I enjoyed all four--especially the last two. My only complaint is the endings which aren't nearly as good as the rest. It takes a little time to become familiar with Dick's made-up words. He doesn't define them for you. However, he uses the same words in multiple works so if you have read some of his writings, subsequent stories are easier to understand from the outset.
One thing that is fun to do while reading old science fiction is compare what the author thought the future would hold to how things actually are. Most of these novels take place in the 1990s and all were written in the 1960s. Naturally, space flight was all the rage then so Dick envisions far more happening in space (colonization, etc.) than is really the case. Some things he predicted very well such as video conferencing and phones in automobiles. Others he was far too conservative on like music still being listened to on albums. There is no mention of anything even remotely resembling a PC or even a mainframe computer. Perhaps that would be different had he written these in the 1970s instead.
I found all four of the works to be thought provoking. They provided timeless insights on the human condition. I especially recommend reading the last two if you are on a trip by yourself (like I was when I read them).
Finally, there are some very interesting notes and a Philip Dick biography at the end of the book provided by Jonathan Lethem.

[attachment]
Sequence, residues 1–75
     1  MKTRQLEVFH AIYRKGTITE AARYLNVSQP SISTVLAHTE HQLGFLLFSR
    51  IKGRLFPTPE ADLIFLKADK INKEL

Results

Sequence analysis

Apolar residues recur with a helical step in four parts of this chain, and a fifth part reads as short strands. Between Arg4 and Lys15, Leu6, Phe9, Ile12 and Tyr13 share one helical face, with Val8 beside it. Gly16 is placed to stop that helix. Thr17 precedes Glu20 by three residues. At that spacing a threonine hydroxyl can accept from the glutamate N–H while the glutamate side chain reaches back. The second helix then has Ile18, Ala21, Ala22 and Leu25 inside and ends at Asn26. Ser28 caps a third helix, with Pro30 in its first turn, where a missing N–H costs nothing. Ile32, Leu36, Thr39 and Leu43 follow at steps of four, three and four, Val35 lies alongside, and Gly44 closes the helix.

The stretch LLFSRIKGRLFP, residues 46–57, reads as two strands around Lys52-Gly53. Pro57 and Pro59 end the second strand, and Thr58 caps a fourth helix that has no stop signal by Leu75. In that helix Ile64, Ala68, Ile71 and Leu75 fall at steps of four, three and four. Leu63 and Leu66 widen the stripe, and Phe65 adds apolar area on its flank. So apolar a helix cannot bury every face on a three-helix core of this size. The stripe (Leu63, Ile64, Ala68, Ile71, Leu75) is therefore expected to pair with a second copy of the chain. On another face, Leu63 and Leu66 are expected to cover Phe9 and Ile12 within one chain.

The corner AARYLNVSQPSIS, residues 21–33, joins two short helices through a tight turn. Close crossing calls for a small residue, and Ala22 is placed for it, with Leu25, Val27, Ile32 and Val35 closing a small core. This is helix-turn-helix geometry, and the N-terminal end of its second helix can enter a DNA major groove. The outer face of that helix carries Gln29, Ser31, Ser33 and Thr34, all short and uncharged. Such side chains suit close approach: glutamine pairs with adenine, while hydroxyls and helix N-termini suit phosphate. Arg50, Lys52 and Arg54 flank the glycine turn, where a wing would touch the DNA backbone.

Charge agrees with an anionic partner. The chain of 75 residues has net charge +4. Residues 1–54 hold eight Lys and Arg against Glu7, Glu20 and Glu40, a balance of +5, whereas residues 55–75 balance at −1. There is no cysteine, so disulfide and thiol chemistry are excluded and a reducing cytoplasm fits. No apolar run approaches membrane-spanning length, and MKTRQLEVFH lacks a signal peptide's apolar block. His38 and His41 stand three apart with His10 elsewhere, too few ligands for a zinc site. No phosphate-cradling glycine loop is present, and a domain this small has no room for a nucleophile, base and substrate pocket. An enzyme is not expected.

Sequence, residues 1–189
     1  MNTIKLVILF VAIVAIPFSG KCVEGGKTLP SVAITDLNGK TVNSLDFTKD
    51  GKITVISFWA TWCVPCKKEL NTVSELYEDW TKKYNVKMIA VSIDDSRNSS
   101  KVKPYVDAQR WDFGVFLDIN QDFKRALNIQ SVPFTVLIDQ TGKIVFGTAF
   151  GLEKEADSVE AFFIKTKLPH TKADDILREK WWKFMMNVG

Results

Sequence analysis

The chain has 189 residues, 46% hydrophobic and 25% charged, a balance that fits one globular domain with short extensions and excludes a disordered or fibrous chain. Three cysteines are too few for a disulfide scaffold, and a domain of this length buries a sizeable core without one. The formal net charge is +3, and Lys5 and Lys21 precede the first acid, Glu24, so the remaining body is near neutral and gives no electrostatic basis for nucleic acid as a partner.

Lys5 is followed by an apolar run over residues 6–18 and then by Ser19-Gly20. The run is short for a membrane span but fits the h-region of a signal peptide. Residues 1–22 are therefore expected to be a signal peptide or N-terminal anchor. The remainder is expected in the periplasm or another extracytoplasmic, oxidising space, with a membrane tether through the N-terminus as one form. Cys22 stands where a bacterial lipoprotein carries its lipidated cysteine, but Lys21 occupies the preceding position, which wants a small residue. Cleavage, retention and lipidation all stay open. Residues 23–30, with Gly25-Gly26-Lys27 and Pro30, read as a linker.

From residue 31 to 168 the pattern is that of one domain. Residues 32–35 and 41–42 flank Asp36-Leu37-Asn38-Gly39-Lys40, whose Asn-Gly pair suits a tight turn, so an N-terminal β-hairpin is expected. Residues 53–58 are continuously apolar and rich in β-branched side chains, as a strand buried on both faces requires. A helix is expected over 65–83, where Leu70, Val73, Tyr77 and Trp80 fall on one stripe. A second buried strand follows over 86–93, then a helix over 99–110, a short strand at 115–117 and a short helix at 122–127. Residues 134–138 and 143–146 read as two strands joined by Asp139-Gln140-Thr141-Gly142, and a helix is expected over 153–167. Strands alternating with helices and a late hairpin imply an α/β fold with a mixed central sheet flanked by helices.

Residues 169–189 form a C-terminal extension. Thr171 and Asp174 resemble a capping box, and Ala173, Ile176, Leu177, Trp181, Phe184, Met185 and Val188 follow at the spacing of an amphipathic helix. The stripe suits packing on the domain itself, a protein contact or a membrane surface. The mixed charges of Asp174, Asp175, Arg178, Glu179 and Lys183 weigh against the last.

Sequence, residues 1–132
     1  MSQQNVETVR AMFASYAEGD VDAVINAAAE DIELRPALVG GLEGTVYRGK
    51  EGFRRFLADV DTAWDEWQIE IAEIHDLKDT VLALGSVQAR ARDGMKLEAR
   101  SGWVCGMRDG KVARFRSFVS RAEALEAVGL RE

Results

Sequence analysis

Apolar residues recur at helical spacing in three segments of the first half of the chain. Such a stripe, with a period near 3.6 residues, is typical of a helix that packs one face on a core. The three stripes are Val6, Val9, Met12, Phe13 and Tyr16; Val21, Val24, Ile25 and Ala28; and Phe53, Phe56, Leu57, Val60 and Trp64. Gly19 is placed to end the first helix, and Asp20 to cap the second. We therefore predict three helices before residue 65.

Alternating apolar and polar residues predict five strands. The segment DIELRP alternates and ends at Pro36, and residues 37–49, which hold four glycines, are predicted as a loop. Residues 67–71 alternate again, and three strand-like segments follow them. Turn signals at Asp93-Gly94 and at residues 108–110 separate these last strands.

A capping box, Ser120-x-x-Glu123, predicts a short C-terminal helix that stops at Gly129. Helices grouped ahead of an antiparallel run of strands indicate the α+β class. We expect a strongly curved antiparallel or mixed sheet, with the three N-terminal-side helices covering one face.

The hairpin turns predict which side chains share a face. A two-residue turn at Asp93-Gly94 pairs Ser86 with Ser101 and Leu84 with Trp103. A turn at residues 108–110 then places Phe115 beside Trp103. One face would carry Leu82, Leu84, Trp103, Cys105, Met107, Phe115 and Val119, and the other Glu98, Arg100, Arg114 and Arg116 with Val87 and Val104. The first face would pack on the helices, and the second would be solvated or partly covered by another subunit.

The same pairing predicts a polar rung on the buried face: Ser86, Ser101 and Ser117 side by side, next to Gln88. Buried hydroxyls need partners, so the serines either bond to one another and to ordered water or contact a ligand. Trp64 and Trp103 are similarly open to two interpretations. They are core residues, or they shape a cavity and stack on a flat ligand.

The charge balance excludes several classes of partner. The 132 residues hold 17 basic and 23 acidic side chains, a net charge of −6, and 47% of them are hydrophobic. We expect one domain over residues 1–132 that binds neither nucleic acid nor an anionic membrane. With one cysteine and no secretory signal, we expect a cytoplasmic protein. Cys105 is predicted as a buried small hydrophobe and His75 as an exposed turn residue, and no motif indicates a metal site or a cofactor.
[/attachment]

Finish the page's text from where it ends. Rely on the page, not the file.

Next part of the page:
If you like this book then next on your reading list should be this follow up compilation.
from the publisher:
Known in his lifetime primarily to readers of science fiction, Philip K. Dick (1928–1982) is now seen as a uniquely visionary figure, a writer who, in editor Jonathan Lethem's words, "wielded a sardonic yet heartbroken acuity about the plight of being alive in the twentieth century, one that makes him a lonely hero to the readers who cherish him."
This Library of America volume brings together four of Dick's most original novels. The Man in the High Castle (1962), which won the Hugo Award, describes an alternate world in which Japan and Germany have won World War II and America is divided into separate occupation zones. The dizzying The Three Stigmata of Palmer Eldritch (1965) posits a future in which competing hallucinogens proffer different brands of virtual reality, and an interplanetary drug tycoon can transform himself into a godlike figure transcending even physical death.
Do Androids Dream of Electric Sheep? (1968), about a bounty hunter in search of escaped androids in a postapocalyptic society where status is measured by the possession of live animals and religious life is focused on a television personality, was the basis for the movie Blade Runner. Ubik (1969), with its future world of psychic espionage agents and cryonically frozen patients inhabiting an illusory "half-life," pursues Dick's theme of simulated realities and false perceptions to ever more disturbing conclusions, as time collapses on itself and characters stranded in past eras search desperately for the elusive, constantly shape-shifting panacea Ubik. As with most of Dick's novels, no plot summary can suggest the mesmerizing and constantly surprising texture of these astonishing books.
Posing the questions "What is human?" and "What is real?" in a multitude of fascinating ways, Dick produced works—fantastic and weird, yet developed with precise logic, marked by wild humor and soaring flights of religious speculation—that are startlingly prescient imaginative anticipations of 21st-century quandaries.